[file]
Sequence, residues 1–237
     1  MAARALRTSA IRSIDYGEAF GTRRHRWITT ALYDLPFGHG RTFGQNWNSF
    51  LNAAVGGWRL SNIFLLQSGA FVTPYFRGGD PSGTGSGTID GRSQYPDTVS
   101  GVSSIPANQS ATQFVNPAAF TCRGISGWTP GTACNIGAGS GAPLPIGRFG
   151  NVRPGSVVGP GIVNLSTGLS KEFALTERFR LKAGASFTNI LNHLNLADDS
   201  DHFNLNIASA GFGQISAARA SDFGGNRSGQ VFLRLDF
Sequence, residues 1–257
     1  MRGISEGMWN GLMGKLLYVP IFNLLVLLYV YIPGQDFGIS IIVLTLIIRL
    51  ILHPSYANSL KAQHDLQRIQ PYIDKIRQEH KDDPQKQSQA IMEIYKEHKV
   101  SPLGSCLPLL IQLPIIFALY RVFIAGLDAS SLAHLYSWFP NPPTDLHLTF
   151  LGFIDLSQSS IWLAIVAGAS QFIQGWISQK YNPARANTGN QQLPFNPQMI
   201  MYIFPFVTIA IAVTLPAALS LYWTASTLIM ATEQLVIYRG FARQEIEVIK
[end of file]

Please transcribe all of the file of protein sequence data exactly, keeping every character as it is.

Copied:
Sequence, residues 1–237
     1  MAARALRTSA IRSIDYGEAF GTRRHRWITT ALYDLPFGHG RTFGQNWNSF
    51  LNAAVGGWRL SNIFLLQSGA FVTPYFRGGD PSGTGSGTID GRSQYPDTVS
   101  GVSSIPANQS ATQFVNPAAF TCRGISGWTP GTACNIGAGS GAPLPIGRFG
   151  NVRPGSVVGP GIVNLSTGLS KEFALTERFR LKAGASFTNI LNHLNLADDS
   201  DHFNLNIASA GFGQISAARA SDFGGNRSGQ VFLRLDF
Sequence, residues 1–257
     1  MRGISEGMWN GLMGKLLYVP IFNLLVLLYV YIPGQDFGIS IIVLTLIIRL
    51  ILHPSYANSL KAQHDLQRIQ PYIDKIRQEH KDDPQKQSQA IMEIYKEHKV
   101  SPLGSCLPLL IQLPIIFALY RVFIAGLDAS SLAHLYSWFP NPPTDLHLTF
   151  LGFIDLSQSS IWLAIVAGAS QFIQGWISQK YNPARANTGN QQLPFNPQMI
   201  MYIFPFVTIA IAVTLPAALS LYWTASTLIM ATEQLVIYRG FARQEIEVIK